News / Asia

Three Questions: World Bank Report on Asia

Asian stock market
Asian stock market
Les Carpenter

Most economies in East Asia and the Pacific are doing quite well these days, with many engaged in a rather robust recovery.  However, in a new update report this week from the World Bank called "Robust Recovery, Rising Risks" the bank notes that output in the region has recovered to levels that prevailed before the global financial crisis.  The Update cautions though, that large capital inflows into many of these economies could lead to higher inflation and worsening asset bubbles.  

In its report update, it would seem the World Bank, is lowering its outlook for growth next year.  We asked the co-writer of the report, World Bank Chief Economist for the East Asia and Pacific region, Vikram Nehru, if that was the case?

"Actually we haven't lowered our outlook.  What we've basically reflected in our outlook is the fact that in 2010, the rebound in East Asia from the crisis (the global financial crisis) was, in fact in some countries, growth was extremely rapid.  What we're seeing now in the second half of 2010 is a gradual decline in growth as excess capacity is used up, new investments are needed.  So, what we're seeing is a return to normalized growth patterns, something that is going to be much more sustainable.  And that is what we're expecting in 2011, too.  That is, arrival at a more sustainable growth rate in the region, so it's not actually a decline or reduction in the outlook."

China's economy has been booming and now the World Bank is predicting a slowing or at least a return to something closer to normal.    If China is returning to normal, why do you think they made the move at this time to raise interest rates?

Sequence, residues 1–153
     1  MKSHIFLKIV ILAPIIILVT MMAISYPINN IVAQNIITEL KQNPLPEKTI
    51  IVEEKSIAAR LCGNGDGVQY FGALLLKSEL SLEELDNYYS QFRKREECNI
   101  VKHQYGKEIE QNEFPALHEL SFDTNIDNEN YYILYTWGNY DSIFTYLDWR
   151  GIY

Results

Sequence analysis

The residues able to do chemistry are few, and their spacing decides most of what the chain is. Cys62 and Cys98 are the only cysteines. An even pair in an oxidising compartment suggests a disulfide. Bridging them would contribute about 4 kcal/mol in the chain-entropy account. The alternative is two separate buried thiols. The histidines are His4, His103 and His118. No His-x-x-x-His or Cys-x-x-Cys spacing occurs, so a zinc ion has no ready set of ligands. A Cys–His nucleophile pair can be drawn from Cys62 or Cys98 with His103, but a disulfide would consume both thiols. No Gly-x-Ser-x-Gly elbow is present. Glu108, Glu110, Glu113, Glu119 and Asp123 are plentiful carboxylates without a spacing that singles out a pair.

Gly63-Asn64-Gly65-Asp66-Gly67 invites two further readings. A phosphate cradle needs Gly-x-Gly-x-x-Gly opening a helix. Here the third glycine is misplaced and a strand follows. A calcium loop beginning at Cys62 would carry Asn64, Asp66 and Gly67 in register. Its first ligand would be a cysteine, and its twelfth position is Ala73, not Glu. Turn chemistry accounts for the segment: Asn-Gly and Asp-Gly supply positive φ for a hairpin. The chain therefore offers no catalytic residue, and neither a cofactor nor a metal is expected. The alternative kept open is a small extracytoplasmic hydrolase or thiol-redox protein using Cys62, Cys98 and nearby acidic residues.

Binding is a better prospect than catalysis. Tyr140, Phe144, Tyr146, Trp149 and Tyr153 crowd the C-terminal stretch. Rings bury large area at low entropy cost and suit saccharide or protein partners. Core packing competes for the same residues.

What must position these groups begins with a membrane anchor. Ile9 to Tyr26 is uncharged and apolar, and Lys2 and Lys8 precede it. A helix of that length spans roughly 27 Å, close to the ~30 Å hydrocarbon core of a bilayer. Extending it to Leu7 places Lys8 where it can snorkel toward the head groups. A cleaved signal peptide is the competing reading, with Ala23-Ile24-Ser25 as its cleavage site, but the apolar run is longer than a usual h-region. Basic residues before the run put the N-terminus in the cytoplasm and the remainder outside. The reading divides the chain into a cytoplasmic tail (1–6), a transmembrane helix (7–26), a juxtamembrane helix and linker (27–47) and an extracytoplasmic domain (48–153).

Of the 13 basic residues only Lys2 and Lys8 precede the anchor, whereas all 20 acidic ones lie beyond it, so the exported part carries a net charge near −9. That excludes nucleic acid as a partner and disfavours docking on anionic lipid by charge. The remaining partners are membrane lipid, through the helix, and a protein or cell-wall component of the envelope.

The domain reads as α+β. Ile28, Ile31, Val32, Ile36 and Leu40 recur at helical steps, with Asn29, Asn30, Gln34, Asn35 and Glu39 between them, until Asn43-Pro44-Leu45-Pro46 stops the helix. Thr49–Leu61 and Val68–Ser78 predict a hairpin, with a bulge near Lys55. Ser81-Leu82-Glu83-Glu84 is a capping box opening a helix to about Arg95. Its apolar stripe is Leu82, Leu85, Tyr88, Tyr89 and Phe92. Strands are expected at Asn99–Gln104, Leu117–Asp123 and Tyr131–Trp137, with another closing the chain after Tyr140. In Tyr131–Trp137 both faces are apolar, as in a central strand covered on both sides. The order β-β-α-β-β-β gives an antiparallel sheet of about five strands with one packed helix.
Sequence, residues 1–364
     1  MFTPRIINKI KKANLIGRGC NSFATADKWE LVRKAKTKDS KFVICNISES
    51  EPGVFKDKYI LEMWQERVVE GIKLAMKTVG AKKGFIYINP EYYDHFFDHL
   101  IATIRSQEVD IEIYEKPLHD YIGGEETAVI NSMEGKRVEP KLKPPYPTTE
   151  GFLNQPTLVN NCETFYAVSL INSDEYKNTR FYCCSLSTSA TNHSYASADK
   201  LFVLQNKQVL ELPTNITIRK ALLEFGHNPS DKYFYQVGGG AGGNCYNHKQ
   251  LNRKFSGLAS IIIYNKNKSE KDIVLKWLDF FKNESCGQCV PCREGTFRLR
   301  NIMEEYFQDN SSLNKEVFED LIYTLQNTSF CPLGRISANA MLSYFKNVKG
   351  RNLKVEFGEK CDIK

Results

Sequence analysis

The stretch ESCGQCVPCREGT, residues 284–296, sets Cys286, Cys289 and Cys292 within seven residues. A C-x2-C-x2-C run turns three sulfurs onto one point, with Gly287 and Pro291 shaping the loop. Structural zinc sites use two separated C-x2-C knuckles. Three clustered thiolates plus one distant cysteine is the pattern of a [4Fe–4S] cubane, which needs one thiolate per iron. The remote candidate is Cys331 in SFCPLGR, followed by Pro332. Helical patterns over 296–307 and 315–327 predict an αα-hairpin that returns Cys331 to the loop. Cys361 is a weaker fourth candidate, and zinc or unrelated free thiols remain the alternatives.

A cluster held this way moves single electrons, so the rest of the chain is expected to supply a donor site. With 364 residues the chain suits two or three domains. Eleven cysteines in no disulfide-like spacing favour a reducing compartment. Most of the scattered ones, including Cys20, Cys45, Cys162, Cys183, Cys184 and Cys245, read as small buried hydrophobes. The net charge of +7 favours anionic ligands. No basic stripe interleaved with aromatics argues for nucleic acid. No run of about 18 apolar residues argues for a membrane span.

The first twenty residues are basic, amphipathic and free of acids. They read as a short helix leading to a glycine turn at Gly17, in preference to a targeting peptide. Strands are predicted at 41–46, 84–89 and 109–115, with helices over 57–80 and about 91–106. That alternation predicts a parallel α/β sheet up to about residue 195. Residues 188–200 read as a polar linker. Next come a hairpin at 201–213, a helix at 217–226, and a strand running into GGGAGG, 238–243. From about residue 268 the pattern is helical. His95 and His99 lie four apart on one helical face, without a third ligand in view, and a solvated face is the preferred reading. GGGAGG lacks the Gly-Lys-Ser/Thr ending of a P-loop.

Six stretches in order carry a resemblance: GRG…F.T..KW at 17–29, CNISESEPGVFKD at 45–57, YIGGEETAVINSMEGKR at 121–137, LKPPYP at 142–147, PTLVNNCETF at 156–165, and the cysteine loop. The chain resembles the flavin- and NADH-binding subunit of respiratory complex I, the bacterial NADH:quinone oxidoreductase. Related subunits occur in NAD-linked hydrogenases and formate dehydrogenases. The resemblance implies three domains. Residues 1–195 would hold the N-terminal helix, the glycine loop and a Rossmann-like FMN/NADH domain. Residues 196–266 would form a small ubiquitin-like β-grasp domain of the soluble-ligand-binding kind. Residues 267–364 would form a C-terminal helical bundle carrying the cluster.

"First of all we are projecting that for this year China's growth will be at about 9.5 percent and 8.5 percent next year.  That's still a pretty smart growth rate by any standards and in line with China's past performance.  In recent months, in fact over the past year or so, there has been some concern in China about overheating in the economy and the real estate market and in other financial assets.  Inflation is beginning to creep-up.  Now, we can't be absolutely sure what was in the minds of the policy makers behind this interest rate increase, but I suspect that the main reason is to try and put a further dampener on inflation and inflationary expectations.  This was an unexpected move, so clearly there is some concern with the authorities on what's happening in terms of asset prices and the asset price bubble.  You know, in September, just this last month, there was an uptick in property prices in China which went against the trend of gradual decline in the stabilization of property prices.  So, it's possible that this could have been the concern behind this latest move."


You say the there is a problem with capital flows, a problem in a number of countries in East Asia.  Is this an indicator of what may lie ahead?


"It's very much an indicator of what's ahead.  What we have seen is this huge expansion in global liquidity lapping at the shores of developing East Asian countries.  We expect this increase in liquidity is going to be here to stay for some time as the advanced countries, and in particular the United States, struggles to reignite growth and to stabilize their economies.  So, I think, in many of the East Asian countries we are seeing a rise in capital inflows, we're seeing appreciating exchange rates and we're seeing the emergence once again of asset price increases which are not too worrisome at this stage, but they bear very close watching.   Now, provided the authorities take appropriate action as the Chinese authorities seem to have done, then I think these inflationary pressures can be contained.  But, this is something we're going to have to watch very closely going forward."

You May Like

Obama: I Will Do 'Everything I Can' to Close Guantanamo

US president says prison continues 'to inspire jihadists and extremists around the world' More

Sierra Leone Educates on Safe Ebola Burials

Also, country is improving at rapid response to isolated outbreaks, but health workers need to be even faster, officials say More